Knit Wits Rides Again

knit wits 1Steve D'Antonio

A few years ago Hatteras Yachts refurbished hull #1 of its first model, a 40.7′ (12.4m) “convertible,” the term coined by owner Willis Slane to describe a sportfisherman also suited for family boating. Professional BoatBuilder’s technical editor recently saw her cruising down the Intracoastal Waterway.

It’s one of the better tales in the history of early fiberglass boats, how in the late 1950s argyle sock maker Willis Slane, an avid sport fisherman, pounded on the bar at the Hatteras Marlin Club in High Point, North Carolina, angry that local skippers wouldn’t risk their wood boats in stormy weather. He threw down a check for $5,000, and roared, “Let’s build some boats that will go out!”

One of his group, Sleepy Carter of J.P. Stevens Textile Co., said his company had begun weaving glass fibers and suggested their use in the new boat. A friend of Slane had recently had a boat designed by the young designer Jack Hargrave, whom Slane retained. Doing his homework, Slane visited Crystaliner in Florida, where he met Don Mucklow, whom he brought to High Point as loftsman and chief builder. Mucklow then became vice president and general manager of the newly formed company (for more on Mucklow and Crystaliner, see Professional BoatBuilder No. 105, page 9). The involvement of old-time Florida builder Howard Abbey in the project was recounted in “Abbey and Brownie,” PBB No. 104.

knit wits 2Courtesy Heart of Glass

Knit Wits was tooled in 1959–60 by Don Mucklow and Howard Abbey in High Point, North Carolina. Here, the frames for the wood plug are set up.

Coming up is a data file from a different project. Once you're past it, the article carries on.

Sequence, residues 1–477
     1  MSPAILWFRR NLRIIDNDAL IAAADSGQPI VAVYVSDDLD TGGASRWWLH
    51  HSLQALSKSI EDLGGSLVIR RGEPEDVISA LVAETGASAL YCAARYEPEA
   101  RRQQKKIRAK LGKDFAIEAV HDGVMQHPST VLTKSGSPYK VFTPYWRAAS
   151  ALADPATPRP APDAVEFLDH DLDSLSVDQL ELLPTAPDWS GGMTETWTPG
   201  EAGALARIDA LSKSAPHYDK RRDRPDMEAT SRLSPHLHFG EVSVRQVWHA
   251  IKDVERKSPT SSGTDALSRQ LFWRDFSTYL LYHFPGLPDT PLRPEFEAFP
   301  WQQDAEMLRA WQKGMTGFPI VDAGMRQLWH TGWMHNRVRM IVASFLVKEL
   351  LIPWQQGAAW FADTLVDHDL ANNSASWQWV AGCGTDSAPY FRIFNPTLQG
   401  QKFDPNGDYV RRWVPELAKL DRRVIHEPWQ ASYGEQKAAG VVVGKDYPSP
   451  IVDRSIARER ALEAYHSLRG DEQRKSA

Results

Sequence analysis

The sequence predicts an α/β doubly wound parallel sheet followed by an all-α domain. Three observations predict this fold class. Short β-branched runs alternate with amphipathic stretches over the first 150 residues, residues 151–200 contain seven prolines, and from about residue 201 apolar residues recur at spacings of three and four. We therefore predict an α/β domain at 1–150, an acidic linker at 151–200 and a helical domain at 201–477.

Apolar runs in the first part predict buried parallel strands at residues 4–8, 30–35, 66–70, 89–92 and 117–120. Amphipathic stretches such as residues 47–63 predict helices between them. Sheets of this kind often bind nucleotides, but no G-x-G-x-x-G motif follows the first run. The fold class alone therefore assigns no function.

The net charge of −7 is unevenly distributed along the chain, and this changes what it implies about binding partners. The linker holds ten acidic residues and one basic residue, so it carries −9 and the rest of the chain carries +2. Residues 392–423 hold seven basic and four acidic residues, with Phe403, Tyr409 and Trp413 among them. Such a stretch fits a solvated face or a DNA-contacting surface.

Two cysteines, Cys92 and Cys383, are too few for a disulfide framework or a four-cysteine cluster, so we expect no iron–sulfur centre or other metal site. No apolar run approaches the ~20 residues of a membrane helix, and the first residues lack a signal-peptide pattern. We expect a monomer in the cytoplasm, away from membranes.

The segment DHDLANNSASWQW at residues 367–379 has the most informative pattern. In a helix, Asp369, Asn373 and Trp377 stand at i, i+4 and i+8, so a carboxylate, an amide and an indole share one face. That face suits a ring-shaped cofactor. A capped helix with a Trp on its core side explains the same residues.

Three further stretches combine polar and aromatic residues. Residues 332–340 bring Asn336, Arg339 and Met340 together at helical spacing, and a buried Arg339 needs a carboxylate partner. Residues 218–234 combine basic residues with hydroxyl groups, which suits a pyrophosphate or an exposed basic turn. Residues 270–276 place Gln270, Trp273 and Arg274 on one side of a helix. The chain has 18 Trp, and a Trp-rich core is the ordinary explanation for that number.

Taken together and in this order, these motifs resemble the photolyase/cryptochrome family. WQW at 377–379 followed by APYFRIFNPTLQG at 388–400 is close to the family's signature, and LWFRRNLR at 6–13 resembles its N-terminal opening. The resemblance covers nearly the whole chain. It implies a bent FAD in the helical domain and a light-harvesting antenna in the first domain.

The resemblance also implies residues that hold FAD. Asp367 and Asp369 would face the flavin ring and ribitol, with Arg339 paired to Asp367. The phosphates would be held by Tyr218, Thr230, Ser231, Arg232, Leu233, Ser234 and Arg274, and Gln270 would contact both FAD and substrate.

A year later, the result was the Hatteras 41 (12.5m) Convertible Yacht Fisherman. Only four were planned, but Slane took it into production, an impressive achievement. It was the largest U.S.-built recreational powerboat at that time; only the U.S. Navy had built larger fiberglass motor vessels. At least one in Europe, the 45 (13.7m) Perpetua, built in the U.K. by Halmatic in 1954, was larger. Named Knit Wits, that first Hatteras was tooled with a strip-planked plug over which was laid fiberglass cloth and black-pigmented resin that revealed high spots and depressions to facilitate fairing. A female mold was taken from the plug. The hull had fiberglass stringers, marine plywood bulkheads tabbed to the hull, and plywood decks coated with polyester resin.

knit wits 3Courtesy Heart of Glass

The fiberglass skin over the plug shows the black-pigmented resin, which made high spots and depressions stand out during fairing.

In 2013 Hatteras Yachts, now owned by the Philadelphia-based firm Versa Capital Management, initiated a total refit of Knit Wits. Where the original boat, which sold new for $43,395, was powered with 275-hp (206-kW) Lincoln V-8s, new power was twin 400-hp (300-kW) Detroit Diesel 6V-53TIs, coupled to Twin Disc transmissions and Michigan Wheel five-blade props.

In a boat test, in which Knit Wits was contrasted with a new Hatteras GT 60 (18.3m), Power & Motoryacht editor Bill Pike said the old lady has a tendency to roll, was hammered in head seas, and felt “clumsy and slow” compared to the new, larger Hatteras. She made 20 knots at 2,400 rpm. We shouldn’t be surprised though; a lot has changed in 56 years. The company exhibited the refit Knit Wits at the Fort Lauderdale Boat Show and maintains her as a flagship, a testimony to its proud origins.

The photos you see on page 8 were taken by PBB technical editor Steve D’Antonio, who came upon her ambling down the Intracoastal Waterway last fall.

Principal specifications: LOA 4083⁄4 (12.4m), beam 14 (4.3m), draft 210 (0.86m), displacement 25,750 lbs (11,613 kg), fuel 324 gal (1,226 l).

Hatteras, 110 N. Glenburnie Rd., New Bern, NC 28560 USA, tel. 252–633–3101, website www.hatterasyachts.com.

From “Rovings,” Professional BoatBuilder No. 160
Compiled by Dan Spurr